The Maddeningly Mystical Genius of “The Lighthouse”


“The Lighthouse” uses black-and-white film to exceptional effect. (Courtesy of Facebook)

Sam Hadelman, Contributing Writer

Editor’s note: Spoiler warning.

When someone told me the best movie of the year was a 35mm black-and-white film detailing the complicated relationship of two men in a lighthouse, I thought they were joking. Little did I know, “The Lighthouse” would deliver.

The film centers around two characters — the only people in the entire film: Ephraim Winslow (real name Thomas Howard, as he reveals), played by Robert Pattinson and Thomas Wake, played by Willem Dafoe.

Howard is sent to serve as a wickie (lighthouse keeper) for a lighthouse for four weeks off the coast of New England, supervised by Wake. The plot revolves around Wake’s seemingly mystical connection with the bulb in the lighthouse, which transfixes Howard. Over the course of the film, Howard loses his focus and sanity, leaving him malleable to Wake’s mental manipulation.

The dichotomy of their relationship serves as the primary focus of the film. Feelings of isolation, wariness and inadequacy reign frequent in Pattinson’s and Dafoe’s correspondence throughout. This derives from the power dynamic between Dafoe and Pattinson.

Wake relies on the “Captain Ahab” character trope (circa “Moby-Dick”) throughout the whole movie, sprinkling his dialogue with stories of the high seas and military experience. Wake’s position gives him authority over Howard, and this is where the seeds of conflict are planted.

As Howard becomes more frustrated with his little capacity for power, his mental health crumbles. This is set off when Howard murders a lingering bird that bothers him during his duties. Wake warns Howard that killing a seagull is bad luck and that it is the soul of dead sailors reincarnated.

Howard’s trek towards insanity continues when he finds a mermaid relic in his mattress. This relic begins to consume him and later in the film we see him violently masturbate to the figure multiple times.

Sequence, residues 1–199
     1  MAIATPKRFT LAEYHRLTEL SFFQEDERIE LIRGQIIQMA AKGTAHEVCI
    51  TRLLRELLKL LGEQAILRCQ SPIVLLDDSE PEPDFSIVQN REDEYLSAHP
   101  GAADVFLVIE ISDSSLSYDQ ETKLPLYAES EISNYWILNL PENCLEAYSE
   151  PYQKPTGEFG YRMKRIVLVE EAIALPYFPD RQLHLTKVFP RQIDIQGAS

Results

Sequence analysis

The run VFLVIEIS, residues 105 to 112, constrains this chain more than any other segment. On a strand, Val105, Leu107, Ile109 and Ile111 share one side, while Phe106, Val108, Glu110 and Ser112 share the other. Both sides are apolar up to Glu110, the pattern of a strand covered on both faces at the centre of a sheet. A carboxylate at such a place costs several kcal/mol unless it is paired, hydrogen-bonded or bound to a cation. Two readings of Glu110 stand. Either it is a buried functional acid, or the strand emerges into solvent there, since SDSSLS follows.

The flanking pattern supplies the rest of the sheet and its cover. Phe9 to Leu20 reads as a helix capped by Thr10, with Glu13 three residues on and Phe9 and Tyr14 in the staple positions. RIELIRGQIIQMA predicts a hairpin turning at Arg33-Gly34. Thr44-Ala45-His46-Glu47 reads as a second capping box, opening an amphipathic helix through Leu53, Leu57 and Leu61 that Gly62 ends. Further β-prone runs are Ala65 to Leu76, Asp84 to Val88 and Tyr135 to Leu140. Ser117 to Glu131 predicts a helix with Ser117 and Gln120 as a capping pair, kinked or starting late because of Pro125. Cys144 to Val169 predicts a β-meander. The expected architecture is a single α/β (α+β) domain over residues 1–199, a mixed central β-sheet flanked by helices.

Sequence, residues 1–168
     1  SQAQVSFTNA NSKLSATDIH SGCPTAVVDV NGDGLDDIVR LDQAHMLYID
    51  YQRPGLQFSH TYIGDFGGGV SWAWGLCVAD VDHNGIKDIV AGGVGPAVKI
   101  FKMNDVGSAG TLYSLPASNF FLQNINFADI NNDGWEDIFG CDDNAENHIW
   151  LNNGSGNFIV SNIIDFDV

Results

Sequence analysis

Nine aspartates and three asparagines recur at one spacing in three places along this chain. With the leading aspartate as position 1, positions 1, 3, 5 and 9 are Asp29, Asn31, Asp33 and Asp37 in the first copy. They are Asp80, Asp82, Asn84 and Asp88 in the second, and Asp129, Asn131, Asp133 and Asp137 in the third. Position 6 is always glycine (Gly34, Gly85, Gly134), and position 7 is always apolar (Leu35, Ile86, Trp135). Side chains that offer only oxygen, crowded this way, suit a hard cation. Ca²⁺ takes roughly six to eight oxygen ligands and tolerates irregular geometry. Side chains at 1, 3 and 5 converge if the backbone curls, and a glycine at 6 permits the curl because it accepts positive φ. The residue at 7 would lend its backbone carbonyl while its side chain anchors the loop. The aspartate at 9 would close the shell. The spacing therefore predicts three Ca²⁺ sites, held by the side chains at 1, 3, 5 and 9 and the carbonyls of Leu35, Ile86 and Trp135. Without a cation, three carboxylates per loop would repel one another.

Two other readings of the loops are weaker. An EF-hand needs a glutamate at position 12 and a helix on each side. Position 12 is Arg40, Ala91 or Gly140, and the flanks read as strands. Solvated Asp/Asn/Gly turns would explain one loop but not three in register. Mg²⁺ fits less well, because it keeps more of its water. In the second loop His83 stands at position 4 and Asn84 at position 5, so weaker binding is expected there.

This mermaid serves as the personification of Howard’s slipping mental state, as throughout the film, we see his visions of having sex with the mermaid.

This surrealism surrounding aquatic folklore is the backbone of the whole movie. The audience is left unsure: Is Howard truly descending into madness, or are there actually mythic aspects to the lighthouse and Thomas Wake?

As the film continues, the toxic nature of Wake and Howard’s relationship develops. Their stay in the lighthouse is extended when a vicious storm hits and the ferry to take Howard home never arrives.

Drinking is one of the more notable aspects of the film. Wake keeps Howard in a constant state of inebriation, making Howard easier to influence. The film grows increasingly hectic as Howard and Wake continue to drink themselves into insanity, with their relationship almost reaching the brink of a romance. They almost develop an “older married couple” connection. For example, Howard complains to Wake that he didn’t like his cooking, which upsets Wake. Later, when Wake shows that his feelings were truly hurt, Howard caves and admits he wasn’t serious.

The moment where the movie begins to flip itself upside down is the jarring confession from Howard, in which he admits that he has been using the identity of a man he had inadvertently killed in his previous employment, and that he had been running from his dark past by becoming a wickie in the first place. This triggers Howard to try to leave the island in an emergency boat, which is eventually destroyed at the hand of the ax-wielding Wade. This is when Howard’s delusion reaches the surface of reality, and he is confronted with the past he has been so mindful to avoid and repress.

Howard finds a book of his shortcomings written by Wake, including times his pay should have been docked and jobs he may have done wrong. He then confronts Wake, and they have a physical fight.

During this battle, Howard continues to see visions of Wake as a sea creature modeled after Poseidon. The end result of this bout is an axe in Wake’s head.

Now, Howard finally has the opportunity to visit the lighthouse roof that he wondered about throughout the whole movie.

When Howard finally reaches the lighthouse and sees the beam, he is instantly consumed by it and sent rolling down the stairs. In the final scene of the film, we see seagulls eating his lifeless corpse.

This film is mostly up to interpretation. It’s genius. Viewers have no idea whose perspective to believe. When everyone’s losing their minds, who can you trust?